But if the Easter story is true, if God raised Jesus from the dead that first Easter Sunday morning, then we can believe a God who says, "I will also make a new heaven and a new earth. I will protect this planet. I will one day restore it to its original intention." If that is true, then everything matters. (http://www.preachingtoday.com/sermons/sermons/2017/april/easter-hope.html)
If it is true that Jesus rose from the dead, then everything we do in this life echoes for eternity. And that means there can be no fence-sitters. Either you are on this side, or that side. You are in, or you are out. Either you follow Him with your whole life, or you aren’t really following Him at all.

If Jesus was still dead, then it wouldn’t matter much. You could follow His principles or not–the way that people follow Mohammed or Buddha or whoever. Those guys are dead even if their ideas live on.

But Mark 16 forces you to decide about Jesus. He’s alive. Are you going to follow Him with your whole life or not?

For the Believer
And then, third group of people here today: the believers. The Christ-followers. Those of us that have already committed ourselves entirely to Jesus. The resurrection changes everything for us as well.

If you are here today as someone who is already committed to Jesus, then today is of course a day of great joy. It’s a day that we celebrate Christ’s great victory over death and take comfort that His victory guarantees an eventual victory for us as well. Today we celebrate the basis of our hope.

But today also reminds us of our purpose. Because if Jesus is alive, then that means making Jesus known is the new, ultimate purpose behind everything we do.

After telling the women that Jesus was alive, the next thing the “young man” does is give them a job. “Go, tell” he says. This is good news. It needs to be shared.

The women did not at first. Verse 8 says that trembling and bewildered they said nothing to anyone. But we know that only lasted for a short while. The other gospels tell us that they got to the disciples yet that morning. The extra ending to Mark tells us that they shared the news. Obviously, they told somebody, because we’re here today.

And the mission the angel gave to the women is one that Jesus extends to all who would believe in Him. Each of the other gospels have their own version of the Great Commission, probably best known from Matthew 28, where Jesus instructs His disciples to go and make disciples of all nations..

Even the extra ending to Mark has a version of the Great Commission. We may not believe this was written by Mark, but it certainly matches up with Jesus’ teaching elsewhere. Mark 16:15:

15 He said to them, “Go into all the world and preach the gospel to all creation.”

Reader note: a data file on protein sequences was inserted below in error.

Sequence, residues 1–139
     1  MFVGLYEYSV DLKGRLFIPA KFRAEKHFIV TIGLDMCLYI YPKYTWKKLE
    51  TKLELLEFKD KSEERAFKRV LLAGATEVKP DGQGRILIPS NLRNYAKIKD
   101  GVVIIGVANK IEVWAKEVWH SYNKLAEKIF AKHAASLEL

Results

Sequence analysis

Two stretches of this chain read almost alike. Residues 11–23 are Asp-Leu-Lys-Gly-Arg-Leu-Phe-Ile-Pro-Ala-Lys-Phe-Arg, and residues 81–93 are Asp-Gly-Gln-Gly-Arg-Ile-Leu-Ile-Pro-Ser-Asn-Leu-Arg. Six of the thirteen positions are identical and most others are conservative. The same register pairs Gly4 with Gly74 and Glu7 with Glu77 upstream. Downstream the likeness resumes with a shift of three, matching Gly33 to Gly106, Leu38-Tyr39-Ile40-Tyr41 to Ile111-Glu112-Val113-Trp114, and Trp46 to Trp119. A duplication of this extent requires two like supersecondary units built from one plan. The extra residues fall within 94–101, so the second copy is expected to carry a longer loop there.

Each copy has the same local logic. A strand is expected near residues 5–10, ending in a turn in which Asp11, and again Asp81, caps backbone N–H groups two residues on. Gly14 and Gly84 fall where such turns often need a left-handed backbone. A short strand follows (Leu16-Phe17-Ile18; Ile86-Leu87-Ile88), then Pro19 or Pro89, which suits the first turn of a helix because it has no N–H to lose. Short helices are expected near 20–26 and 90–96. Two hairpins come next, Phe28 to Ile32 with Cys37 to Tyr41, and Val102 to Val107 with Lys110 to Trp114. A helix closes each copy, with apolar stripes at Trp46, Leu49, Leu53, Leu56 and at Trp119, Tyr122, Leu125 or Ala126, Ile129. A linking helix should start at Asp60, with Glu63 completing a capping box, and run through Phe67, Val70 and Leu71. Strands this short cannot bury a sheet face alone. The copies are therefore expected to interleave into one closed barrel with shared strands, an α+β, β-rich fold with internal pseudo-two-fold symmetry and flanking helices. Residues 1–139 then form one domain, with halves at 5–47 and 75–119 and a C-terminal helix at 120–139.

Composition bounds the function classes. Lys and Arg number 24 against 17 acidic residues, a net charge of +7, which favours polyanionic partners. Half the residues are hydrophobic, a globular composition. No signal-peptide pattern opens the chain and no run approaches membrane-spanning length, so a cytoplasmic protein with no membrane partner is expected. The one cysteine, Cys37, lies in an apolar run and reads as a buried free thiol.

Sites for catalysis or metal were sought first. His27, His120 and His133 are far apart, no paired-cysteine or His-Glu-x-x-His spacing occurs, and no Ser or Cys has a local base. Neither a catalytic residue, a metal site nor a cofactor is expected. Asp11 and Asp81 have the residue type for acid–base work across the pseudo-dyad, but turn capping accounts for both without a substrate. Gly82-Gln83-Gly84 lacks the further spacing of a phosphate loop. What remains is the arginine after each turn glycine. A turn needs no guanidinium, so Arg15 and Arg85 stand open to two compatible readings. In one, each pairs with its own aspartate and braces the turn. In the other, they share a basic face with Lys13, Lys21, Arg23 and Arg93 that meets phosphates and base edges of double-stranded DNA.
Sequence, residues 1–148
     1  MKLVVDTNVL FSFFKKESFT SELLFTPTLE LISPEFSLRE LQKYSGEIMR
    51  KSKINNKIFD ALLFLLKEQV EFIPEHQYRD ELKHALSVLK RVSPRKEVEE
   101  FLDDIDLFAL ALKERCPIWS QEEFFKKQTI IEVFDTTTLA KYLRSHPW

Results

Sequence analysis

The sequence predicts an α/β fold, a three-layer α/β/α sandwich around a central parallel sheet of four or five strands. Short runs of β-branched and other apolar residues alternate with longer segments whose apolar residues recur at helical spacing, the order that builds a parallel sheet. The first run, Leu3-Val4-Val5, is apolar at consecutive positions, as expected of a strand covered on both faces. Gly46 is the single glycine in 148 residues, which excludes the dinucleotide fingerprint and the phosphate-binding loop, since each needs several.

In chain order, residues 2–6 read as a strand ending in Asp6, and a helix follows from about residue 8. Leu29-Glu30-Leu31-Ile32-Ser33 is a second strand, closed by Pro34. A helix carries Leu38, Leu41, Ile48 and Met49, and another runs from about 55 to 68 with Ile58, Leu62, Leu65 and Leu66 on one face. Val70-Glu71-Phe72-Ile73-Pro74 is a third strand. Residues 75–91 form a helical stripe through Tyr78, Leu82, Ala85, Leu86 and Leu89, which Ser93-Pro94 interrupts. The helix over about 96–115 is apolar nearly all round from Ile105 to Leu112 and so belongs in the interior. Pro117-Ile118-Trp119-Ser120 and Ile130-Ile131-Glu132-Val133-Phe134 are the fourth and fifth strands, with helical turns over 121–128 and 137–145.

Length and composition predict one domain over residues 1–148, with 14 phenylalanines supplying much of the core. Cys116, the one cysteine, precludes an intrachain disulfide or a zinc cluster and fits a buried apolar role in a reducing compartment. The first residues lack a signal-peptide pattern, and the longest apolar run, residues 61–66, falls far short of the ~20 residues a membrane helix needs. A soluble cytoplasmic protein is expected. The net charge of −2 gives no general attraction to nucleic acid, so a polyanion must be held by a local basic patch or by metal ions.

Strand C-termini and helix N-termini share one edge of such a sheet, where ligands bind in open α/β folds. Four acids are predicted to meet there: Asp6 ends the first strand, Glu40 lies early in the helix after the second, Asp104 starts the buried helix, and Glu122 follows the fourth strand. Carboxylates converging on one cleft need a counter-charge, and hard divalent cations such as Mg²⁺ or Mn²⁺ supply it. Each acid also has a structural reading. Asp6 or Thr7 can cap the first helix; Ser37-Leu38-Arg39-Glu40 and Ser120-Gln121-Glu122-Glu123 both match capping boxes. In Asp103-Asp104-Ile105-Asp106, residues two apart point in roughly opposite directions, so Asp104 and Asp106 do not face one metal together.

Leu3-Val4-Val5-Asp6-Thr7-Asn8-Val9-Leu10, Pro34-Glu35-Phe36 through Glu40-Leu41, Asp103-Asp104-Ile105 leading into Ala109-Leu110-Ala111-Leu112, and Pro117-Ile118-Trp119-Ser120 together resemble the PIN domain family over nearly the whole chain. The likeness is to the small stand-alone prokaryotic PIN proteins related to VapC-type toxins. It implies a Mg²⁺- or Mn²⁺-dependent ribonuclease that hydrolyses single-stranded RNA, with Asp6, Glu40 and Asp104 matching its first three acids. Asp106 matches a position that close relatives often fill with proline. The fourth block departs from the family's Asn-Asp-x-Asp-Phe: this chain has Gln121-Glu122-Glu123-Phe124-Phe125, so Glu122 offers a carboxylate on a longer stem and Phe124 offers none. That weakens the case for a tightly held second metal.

The resurrection gives us a mission to accomplish. We can’t keep quiet about it! We can’t just go home to our nice Easter dinners all happy about the songs and the worship service and not share the news this week that Jesus Christ is alive!!!!

Jesus was not raised just for the benefit of the few who followed Him during His earthly life. It is good news which needs to be spread to all creation. And more than that, it is a matter of life and death. For those who hear the news of Jesus' resurrection and accept it, it means salvation. But for those who do not accept it, for those who do not know and treasure God's offer of reconciliation through Jesus Christ, it means condemnation.

We need to tell people about the empty tomb, and tell them that the reason it is empty is because Jesus has been raised. We need to go confidently, knowing that this risen Lord is in control and goes to accompany us. But mostly, we must go. For the resurrection of Jesus is not something to keep to ourselves. It is not something meant for church people alone.

One of the reasons I believe Mark may have intentionally ended his gospel at verse 8 is because he wanted the story to be incomplete. He wanted to leave us in suspense, asking ourselves what we would have done if we had been in those ladies’ place.

Because the story belongs to us now. It is up to us to share.


This changes everything.

It changes the way we live, the way we think, the way we act, the way we interact, the way we relate to each other–everything.

Believer, stick to it. Celebrate the good news of Christ’s victory and keep telling people about it.

Fence-Sitter, get off the fence. What you do today echoes for eternity. Stop holding back and surrender your life to him.

Skeptic, do your research. This is too important to simply ignore. Find out: What happened on that Sunday morning so many years ago? Because if it is true that Jesus is really alive, well…
That changes everything.